Light absorbing organic carbon from prescribed and laboratory biomass burning and gasoline vehicle emissions
Xie, M., M. Hays, AND A. Holder. Light absorbing organic carbon from prescribed and laboratory biomass burning and gasoline vehicle emissions. Scientific Reports. Nature Publishing Group, London, Uk, , online, (2017).
Carbonaceous aerosols are ubiquitous in the atmosphere and can directly affect public health and the Earth’s climate by absorbing and scattering incoming solar radiation. This study attempts to address limitations in understanding brown carbon (BrC) as it relates to primary source combustion emissions. While biomass burning aerosols are a significant influence on the atmospheric BrC budget, we find that motor vehicles are also a potential BrC source that should not be ignored.
The light absorption of carbonaceous aerosols plays an important role in the atmospheric radiation balance. Light-absorbing organic carbon (OC), also called brown carbon (BrC), from laboratory-based biomass burning (BB) has been studied intensively to understand the contribution of BB aerosol to radiative forcing — a measure of climate change influence. However, very few measurements have been conducted on field burns and even fewer measurements have been done on BrC from other combustion sources like motor vehicle emissions. In this work, we examined the light absorption of methanol-extractable OC from prescribed and laboratory BB and gasoline vehicle emissions based on spectrophotometric measurements. The light absorption by the methanol extracts had a strong wavelength dependence for both BB and gasoline vehicle emissions. The mass absorption coefficients at 365 nm (MAC365, m2 g-1C) – a measure of BrC – were significantly correlated (p < 0.05) with the ratios of elemental carbon (EC) to OC for BB with the identical fuel, while no significant correlation could be observed if we pooled different fuel samples, indicating that both burn conditions and fuel types impact the characteristics of BrC resulting from BB. The average MAC365 of all gasoline vehicle emission samples is 0.61 ± 0.76 m2 g-1C, the same magnitude as all BB samples (1.27 ± 0.76 m2 g-1C). These results suggested that in addition to BB, gasoline vehicle emissions might also be an important BrC source in urban areas.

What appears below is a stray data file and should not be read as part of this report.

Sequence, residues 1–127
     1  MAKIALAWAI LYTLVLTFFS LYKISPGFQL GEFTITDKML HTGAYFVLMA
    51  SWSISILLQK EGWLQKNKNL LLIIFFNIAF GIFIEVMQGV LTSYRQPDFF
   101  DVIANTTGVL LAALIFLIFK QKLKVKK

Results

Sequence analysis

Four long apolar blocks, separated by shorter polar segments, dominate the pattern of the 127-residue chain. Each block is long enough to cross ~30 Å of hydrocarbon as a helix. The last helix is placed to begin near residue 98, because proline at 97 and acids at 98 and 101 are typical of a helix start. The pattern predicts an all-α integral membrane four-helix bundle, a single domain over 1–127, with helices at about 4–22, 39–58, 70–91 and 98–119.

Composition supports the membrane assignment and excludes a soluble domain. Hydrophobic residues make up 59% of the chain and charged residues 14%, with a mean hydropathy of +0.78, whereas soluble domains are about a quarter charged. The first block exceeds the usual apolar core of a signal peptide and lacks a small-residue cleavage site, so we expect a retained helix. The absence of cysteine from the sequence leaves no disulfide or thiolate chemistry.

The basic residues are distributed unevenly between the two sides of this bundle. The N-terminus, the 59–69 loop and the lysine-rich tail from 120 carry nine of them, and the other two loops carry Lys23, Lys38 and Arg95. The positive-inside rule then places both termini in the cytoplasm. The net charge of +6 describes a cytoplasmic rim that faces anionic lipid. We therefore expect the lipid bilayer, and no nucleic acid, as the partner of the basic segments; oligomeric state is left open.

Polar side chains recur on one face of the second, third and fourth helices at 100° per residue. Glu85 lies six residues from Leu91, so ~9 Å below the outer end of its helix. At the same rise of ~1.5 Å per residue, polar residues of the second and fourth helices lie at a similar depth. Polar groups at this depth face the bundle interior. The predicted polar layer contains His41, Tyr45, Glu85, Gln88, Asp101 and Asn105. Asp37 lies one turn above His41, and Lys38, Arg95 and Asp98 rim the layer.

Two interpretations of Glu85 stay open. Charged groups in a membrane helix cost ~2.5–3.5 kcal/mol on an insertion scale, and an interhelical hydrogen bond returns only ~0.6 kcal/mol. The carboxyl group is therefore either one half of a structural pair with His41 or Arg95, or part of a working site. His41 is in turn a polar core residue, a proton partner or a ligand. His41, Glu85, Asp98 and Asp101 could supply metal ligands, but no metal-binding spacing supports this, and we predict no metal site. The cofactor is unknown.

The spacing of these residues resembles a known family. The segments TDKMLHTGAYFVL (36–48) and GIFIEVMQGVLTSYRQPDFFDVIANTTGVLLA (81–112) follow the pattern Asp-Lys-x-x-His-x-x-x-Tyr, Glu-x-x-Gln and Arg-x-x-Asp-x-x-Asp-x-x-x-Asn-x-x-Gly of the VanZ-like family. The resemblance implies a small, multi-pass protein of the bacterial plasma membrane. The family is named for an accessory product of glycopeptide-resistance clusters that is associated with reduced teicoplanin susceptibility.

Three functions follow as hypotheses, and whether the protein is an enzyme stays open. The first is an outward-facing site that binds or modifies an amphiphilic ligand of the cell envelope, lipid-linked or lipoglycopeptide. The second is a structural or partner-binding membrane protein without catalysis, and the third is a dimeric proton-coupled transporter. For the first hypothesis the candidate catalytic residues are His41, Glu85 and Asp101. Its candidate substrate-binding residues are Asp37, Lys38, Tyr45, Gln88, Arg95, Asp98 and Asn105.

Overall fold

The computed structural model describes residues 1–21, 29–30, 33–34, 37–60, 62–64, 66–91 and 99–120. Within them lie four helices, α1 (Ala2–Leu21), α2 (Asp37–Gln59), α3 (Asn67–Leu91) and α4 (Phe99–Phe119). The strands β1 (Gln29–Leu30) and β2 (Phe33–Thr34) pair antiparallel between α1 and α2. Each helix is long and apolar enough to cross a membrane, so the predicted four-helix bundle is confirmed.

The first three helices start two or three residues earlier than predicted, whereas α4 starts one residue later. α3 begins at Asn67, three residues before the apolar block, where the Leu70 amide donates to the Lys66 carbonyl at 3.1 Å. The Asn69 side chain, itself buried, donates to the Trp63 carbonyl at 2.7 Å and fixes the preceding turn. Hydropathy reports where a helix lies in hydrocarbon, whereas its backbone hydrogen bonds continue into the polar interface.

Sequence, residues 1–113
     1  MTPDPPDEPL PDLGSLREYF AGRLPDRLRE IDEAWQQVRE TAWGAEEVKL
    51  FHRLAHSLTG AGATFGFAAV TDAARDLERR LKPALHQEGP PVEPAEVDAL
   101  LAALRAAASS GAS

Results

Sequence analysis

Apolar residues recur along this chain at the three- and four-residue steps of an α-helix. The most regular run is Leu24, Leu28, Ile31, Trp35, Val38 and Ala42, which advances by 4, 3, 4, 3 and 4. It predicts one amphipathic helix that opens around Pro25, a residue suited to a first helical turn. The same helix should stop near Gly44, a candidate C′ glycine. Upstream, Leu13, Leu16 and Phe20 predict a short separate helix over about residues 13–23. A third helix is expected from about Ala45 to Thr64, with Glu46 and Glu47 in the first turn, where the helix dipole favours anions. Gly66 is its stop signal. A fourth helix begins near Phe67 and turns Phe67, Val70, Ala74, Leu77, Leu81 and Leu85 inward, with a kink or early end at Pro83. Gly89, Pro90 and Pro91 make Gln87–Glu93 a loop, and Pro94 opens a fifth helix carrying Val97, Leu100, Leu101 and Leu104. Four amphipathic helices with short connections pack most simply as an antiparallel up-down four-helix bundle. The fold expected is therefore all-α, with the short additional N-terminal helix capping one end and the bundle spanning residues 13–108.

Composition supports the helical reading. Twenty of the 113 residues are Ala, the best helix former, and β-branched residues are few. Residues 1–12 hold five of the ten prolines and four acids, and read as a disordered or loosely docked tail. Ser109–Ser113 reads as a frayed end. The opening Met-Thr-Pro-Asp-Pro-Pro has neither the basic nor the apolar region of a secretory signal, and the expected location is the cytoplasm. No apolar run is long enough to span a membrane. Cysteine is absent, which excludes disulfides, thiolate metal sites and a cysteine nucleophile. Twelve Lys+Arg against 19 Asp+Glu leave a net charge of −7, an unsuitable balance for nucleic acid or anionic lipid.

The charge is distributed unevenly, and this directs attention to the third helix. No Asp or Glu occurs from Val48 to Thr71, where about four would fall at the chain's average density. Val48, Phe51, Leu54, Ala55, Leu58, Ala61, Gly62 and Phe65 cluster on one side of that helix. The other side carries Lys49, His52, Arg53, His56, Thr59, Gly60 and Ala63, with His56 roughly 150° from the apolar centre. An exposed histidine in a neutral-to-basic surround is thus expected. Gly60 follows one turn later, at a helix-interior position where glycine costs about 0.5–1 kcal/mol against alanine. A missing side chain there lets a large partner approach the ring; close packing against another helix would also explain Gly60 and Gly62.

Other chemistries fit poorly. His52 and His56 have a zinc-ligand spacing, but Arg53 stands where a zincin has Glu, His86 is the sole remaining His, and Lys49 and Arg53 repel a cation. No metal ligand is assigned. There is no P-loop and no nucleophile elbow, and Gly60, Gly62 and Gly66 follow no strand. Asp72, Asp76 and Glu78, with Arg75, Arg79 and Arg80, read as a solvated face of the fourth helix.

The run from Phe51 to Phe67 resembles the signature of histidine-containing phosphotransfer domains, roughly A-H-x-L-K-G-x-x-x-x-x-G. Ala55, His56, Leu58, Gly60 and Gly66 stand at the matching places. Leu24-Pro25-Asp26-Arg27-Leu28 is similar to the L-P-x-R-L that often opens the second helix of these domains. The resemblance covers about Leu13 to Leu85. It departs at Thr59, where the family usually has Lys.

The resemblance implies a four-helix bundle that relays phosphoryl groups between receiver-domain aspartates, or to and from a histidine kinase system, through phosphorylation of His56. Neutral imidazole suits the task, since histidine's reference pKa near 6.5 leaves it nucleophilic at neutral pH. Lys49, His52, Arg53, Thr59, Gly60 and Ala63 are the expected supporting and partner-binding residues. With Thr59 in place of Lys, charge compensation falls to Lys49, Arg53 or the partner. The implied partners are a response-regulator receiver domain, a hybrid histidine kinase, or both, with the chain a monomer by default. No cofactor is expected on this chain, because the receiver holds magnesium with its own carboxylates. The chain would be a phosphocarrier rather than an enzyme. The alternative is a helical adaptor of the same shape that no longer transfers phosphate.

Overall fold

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Organization:U.S. ENVIRONMENTAL PROTECTION AGENCY
OFFICE OF RESEARCH AND DEVELOPMENT
NATIONAL RISK MANAGEMENT RESEARCH LABORATORY
AIR AND ENERGY MANAGEMENT DIVISION